The excess of highly siderophile elements in the Earth’s mantle is thought to reflect the addition of primitive meteoritic material after core formation ceased1,2,3,4. This ‘late veneer’ either comprises material remaining in the terrestrial planet region after the main stages of the Earth’s accretion5,6, or derives from more distant asteroidal7 or cometary8 sources. Distinguishing between these disparate origins is important because a late veneer consisting of carbonaceous chondrite-like asteroids7 or comets8 could be the principal source of the Earth’s volatiles and water. Until now, however, a ‘genetic’ link between the late veneer and such volatile-rich materials has not been established or ruled out. Such genetic links can be determined using ruthenium (Ru) isotopes, because the Ru in the Earth’s mantle predominantly derives from the late veneer9, and because meteorites exhibit Ru isotope variations arising from the heterogeneous distribution of stellar-derived dust10,11. Although Ru isotopic data and the correlation of Ru and molybdenum (Mo) isotope anomalies in meteorites were previously used to argue that the late veneer derives from the same type of inner Solar System material as do Earth’s main building blocks6, the Ru isotopic composition of carbonaceous chondrites has not been determined sufficiently well to rule them out as a source of the late veneer. Here we show that all chondrites, including carbonaceous chondrites, have Ru isotopic compositions distinct from that of the Earth’s mantle. The Ru isotope anomalies increase from enstatite to ordinary to carbonaceous chondrites, demonstrating that material formed at greater heliocentric distance contains larger Ru isotope anomalies. Therefore, these data refute an outer Solar System origin for the late veneer and imply that the late veneer was not the primary source of volatiles and water on the Earth.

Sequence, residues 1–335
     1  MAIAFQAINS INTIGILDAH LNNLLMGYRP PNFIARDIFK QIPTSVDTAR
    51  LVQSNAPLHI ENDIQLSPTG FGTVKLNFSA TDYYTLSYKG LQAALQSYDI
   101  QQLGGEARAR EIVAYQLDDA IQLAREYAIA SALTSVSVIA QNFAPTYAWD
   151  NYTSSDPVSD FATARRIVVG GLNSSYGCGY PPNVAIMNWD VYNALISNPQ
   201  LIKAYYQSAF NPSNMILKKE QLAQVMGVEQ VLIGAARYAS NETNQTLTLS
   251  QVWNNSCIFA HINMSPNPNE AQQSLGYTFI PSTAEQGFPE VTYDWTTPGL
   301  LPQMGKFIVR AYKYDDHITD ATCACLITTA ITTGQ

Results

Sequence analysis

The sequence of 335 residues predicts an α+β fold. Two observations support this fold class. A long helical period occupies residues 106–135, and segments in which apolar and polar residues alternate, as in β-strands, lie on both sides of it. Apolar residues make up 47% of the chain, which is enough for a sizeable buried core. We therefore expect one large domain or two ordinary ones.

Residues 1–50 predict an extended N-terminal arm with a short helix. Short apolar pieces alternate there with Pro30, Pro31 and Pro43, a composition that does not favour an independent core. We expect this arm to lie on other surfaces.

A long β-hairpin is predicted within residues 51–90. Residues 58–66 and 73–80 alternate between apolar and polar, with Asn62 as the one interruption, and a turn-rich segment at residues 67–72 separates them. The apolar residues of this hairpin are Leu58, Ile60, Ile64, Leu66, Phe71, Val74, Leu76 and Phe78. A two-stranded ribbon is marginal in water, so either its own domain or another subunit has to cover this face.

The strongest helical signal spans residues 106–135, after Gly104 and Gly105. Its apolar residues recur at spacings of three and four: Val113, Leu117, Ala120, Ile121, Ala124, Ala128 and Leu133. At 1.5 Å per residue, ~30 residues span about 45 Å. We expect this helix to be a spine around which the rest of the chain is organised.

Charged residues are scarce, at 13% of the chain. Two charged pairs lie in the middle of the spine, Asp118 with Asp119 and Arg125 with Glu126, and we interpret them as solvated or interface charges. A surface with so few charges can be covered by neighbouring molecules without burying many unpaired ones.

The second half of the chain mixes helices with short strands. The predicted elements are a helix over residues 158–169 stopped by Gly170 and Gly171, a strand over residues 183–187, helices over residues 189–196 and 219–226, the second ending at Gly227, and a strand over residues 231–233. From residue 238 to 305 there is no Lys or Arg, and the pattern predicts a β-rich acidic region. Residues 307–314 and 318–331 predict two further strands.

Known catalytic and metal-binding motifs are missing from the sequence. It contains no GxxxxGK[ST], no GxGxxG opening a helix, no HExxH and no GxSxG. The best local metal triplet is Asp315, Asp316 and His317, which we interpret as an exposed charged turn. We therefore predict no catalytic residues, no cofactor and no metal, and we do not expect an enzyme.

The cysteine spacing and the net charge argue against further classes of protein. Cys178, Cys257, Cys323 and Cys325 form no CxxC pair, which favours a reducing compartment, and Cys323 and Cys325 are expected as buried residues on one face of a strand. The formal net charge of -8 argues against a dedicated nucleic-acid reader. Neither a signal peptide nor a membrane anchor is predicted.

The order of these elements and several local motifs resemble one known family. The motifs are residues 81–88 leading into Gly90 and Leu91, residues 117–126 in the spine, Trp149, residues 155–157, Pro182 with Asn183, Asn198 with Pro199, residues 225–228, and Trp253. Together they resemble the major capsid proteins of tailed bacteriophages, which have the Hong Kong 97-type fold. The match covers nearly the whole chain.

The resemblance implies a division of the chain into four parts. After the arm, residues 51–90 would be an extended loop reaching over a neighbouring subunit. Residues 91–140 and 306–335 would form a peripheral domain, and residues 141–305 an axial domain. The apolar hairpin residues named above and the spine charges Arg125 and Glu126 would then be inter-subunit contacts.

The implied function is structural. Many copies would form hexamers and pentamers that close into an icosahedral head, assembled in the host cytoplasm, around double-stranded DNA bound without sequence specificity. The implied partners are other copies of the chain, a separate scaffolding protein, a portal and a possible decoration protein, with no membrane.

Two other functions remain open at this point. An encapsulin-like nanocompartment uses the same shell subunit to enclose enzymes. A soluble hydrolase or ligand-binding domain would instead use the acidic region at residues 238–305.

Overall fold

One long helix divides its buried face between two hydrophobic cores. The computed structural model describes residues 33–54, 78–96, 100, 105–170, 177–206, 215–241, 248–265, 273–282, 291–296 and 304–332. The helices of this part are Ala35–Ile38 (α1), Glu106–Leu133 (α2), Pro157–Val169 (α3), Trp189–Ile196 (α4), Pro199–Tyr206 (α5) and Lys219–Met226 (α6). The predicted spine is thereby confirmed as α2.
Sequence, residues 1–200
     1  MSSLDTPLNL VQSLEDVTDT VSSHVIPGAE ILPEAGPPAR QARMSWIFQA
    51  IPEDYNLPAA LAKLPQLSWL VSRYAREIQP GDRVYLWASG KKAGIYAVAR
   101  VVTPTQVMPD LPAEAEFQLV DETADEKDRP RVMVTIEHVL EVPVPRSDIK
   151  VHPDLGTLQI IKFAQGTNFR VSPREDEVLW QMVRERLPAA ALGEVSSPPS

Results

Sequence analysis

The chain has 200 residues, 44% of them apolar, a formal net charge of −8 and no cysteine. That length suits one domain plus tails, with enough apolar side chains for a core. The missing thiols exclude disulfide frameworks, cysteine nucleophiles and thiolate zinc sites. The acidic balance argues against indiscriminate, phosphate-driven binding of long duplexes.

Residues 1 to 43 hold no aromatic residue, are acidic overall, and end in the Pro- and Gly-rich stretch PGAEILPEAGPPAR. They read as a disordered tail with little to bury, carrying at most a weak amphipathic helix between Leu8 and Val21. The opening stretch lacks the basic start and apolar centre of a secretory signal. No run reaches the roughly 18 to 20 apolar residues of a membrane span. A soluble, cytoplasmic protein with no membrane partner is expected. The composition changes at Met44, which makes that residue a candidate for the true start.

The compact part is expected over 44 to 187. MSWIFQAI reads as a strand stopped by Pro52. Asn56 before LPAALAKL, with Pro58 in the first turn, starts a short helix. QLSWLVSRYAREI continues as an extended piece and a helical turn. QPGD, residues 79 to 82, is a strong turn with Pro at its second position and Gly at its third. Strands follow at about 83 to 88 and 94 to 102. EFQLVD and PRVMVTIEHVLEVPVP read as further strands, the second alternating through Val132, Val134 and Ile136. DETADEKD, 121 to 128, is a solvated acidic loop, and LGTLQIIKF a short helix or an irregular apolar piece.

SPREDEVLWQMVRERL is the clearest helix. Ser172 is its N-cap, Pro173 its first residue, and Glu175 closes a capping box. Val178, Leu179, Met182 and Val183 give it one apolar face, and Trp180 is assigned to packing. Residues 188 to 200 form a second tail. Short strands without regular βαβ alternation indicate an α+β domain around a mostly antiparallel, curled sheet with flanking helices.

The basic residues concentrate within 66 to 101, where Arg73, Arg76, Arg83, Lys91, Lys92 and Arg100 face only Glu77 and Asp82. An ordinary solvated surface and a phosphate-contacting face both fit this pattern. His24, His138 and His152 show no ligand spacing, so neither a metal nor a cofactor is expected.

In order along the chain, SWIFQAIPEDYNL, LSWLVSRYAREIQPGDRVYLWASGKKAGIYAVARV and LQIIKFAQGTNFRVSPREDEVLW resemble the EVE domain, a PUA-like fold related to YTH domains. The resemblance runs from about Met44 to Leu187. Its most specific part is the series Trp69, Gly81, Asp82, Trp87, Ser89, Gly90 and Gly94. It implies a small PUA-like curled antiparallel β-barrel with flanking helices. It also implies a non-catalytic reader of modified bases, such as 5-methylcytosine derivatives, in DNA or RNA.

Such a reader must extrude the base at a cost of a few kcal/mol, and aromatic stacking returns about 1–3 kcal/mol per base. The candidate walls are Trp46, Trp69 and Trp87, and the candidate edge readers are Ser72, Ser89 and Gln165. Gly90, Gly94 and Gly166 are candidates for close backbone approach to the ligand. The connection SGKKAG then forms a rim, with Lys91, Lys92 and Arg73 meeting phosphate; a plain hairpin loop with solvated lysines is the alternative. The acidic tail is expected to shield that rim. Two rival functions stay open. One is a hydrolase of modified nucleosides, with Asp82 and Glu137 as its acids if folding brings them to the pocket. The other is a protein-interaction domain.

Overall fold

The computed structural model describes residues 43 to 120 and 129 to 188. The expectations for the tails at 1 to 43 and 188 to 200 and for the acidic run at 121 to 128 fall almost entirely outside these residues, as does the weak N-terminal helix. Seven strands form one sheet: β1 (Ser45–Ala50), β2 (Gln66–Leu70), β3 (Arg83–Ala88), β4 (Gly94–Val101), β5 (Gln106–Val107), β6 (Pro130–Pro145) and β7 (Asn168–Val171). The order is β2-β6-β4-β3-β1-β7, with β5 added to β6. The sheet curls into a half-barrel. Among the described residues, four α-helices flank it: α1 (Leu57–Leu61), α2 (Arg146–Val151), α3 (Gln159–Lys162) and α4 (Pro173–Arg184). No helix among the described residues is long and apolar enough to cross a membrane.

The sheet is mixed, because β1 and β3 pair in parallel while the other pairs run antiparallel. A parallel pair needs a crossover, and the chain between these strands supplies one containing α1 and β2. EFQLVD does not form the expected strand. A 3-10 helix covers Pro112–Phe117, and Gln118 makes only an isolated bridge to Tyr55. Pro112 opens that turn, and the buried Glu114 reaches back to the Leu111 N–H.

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We thank the Meteorite Working Group at NASA, A. Bischoff and A. Greshake for providing the meteorite samples for this study, and K. Bermingham and B. O’Driscoll for providing the Shetland chromitite sample. We thank U. Heitmann, T. Kruijer and C. Proksche for their assistance, and A. Brandon, C. Brennecka and D. Papanastassiou for comments on the paper. This work was supported by the Deutsche Forschungsgemeinschaft (SFB-TRR 170, subproject B3-1). This is TRR 170 publication no. 11.
About this article
The Astronomy and Astrophysics Review (2018)